Do You Have Periodontitis Or Gingivitis? Know The Difference

When it comes to the terms used to describe oral health problems, many people do not know the difference between periodontitis and gingivitis. These are two different gum disease stages, and it's important to know what the differences are between them. 


Gingivitis is basically when your gums are inflamed, which happens due to not brushing or flossing properly, which leads to more plaque being stuck in the pockets of your gums. The edges of the gums are the only part that is inflamed, with the deeper parts of the gums still in good condition. 

If you do have gingivitis, know that your gums are still in a state that the damage can be reversed. By going to your dentist for a cleaning to get rid of all the plaque and tartar, and then maintaining great oral health at home, your gums can become firm and healthy once again. Ignoring these care steps will eventually lead to having periodontitis. 


The main sign of periodontitis is that the gums start to pull away from your teeth, which create deep pockets underneath the gums. This can compromise the bone underneath your gums and eventually lead to bone loss, which cannot be reversed. You may have also noticed that your breath has gotten worse, that the gums feel tender, there is a lot more bleeding when you brush and floss, or that the gums are receding. 


In addition to caring for your teeth with regular brushing and flossing to prevent gum disease, you should also look at your diet and how it can be contributing to gingivitis. For example, not drinking enough water or not eating enough vegetables tends to cause more plaque to build up over time.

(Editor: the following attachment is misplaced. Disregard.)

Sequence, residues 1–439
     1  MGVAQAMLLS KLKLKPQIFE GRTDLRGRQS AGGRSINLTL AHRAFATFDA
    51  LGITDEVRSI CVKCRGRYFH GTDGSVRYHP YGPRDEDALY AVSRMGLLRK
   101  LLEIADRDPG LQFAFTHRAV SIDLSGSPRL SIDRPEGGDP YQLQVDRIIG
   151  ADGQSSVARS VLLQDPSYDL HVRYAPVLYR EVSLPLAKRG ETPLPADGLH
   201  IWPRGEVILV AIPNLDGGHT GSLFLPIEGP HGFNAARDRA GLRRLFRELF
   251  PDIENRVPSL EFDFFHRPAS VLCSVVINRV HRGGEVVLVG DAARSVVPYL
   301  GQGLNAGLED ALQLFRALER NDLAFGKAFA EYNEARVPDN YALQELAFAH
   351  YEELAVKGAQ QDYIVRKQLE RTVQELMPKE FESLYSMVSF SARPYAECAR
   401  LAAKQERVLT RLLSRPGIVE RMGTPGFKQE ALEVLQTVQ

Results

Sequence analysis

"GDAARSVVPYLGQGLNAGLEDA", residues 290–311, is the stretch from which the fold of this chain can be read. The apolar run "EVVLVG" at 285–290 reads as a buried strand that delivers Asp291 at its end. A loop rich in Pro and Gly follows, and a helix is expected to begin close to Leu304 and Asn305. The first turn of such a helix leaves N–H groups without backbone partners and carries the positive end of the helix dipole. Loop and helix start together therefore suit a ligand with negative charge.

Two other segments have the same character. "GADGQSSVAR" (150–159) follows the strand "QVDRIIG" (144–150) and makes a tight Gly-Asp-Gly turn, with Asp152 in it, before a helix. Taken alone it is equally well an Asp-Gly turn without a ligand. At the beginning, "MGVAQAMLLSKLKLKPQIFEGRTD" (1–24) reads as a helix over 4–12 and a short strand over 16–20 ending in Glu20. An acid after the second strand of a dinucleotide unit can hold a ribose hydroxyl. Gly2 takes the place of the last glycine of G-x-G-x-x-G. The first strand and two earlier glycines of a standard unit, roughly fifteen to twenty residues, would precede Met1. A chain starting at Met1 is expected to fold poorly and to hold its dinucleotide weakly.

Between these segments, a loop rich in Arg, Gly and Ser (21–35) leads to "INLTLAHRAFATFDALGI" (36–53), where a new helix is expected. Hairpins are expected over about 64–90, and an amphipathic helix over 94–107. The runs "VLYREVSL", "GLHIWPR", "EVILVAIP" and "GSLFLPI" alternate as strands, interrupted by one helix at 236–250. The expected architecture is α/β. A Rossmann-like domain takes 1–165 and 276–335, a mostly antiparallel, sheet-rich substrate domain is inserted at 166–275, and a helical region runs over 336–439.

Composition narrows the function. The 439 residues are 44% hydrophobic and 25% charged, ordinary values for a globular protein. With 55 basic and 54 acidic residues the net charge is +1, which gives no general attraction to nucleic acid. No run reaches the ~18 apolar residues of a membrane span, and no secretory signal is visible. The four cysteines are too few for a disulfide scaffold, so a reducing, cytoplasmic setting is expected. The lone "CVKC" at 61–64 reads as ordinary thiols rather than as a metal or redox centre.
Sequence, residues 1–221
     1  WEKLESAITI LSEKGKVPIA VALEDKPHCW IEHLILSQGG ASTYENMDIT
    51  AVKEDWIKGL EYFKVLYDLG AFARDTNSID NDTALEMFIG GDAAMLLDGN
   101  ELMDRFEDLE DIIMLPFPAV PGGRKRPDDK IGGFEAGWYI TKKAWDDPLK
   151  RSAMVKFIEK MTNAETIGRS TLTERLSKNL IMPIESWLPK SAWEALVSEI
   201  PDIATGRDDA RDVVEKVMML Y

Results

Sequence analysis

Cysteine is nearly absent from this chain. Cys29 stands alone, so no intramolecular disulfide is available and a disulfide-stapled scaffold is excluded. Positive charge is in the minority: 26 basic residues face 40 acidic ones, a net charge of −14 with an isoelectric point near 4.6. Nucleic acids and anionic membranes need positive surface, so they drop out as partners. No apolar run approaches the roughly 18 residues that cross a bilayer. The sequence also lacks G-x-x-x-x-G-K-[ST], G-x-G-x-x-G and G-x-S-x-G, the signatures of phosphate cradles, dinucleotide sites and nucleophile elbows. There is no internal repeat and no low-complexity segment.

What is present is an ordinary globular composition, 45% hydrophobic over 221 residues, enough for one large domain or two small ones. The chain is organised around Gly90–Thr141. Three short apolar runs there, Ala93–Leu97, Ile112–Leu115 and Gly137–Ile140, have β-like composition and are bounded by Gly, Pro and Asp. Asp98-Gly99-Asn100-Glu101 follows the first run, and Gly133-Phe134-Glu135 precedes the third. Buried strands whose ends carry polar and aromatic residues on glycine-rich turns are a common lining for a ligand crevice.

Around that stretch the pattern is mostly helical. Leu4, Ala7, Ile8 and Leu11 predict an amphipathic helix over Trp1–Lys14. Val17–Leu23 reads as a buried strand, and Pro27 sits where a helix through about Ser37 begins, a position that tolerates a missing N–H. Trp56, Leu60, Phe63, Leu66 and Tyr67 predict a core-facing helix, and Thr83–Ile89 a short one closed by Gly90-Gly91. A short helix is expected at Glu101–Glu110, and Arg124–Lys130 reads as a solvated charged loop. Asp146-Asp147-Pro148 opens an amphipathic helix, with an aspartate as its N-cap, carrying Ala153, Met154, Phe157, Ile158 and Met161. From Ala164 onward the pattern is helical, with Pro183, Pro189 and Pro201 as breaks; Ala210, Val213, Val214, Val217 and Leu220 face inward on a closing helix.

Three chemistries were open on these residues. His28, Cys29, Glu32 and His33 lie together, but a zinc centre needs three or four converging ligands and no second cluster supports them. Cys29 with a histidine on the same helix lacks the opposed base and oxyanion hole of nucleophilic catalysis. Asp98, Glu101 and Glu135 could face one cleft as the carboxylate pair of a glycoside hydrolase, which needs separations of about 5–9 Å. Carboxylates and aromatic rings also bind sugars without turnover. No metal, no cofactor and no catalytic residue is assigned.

You'll want to visit your dentist regularly for cleanings, and even have them perform a deep cleaning if your gingivitis is looking bad. This is known as scaling and planing, and it is the process of removing all of the plaque that is deep within the pockets of your gum and causing the irritation and bone loss to happen. A dentist can look at the health of your gums by taking x-rays, which will show if there is any bone loss and tartar hidden where the dentist cannot easily see it. 

Worried about the health of your teeth due to periodontitis or gingivitis? Visit your family dentist for a proper examination of your oral health. 

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Tips To Prevent Dry Socket After Oral Surgery Our oral surgery and general dental website offers important information on how to prevent dry socket following a tooth extraction. After getting your tooth pulled, a protective blood clot develops over the extraction site. Many of our blog posts explain how this protective clot helps promote healing after an extraction. You'll learn that if the clot is accidentally dislodged, dry socket may occur, which can raise your risk for infection and heavy bleeding. We'll provide you with important tips on how to prevent this by avoiding smoking and drinking through a straw. You'll also learn that swishing water around your mouth should be avoided for a couple of days following your extraction because doing so creates a suction that may dislodge your clot, leading to dry socket.


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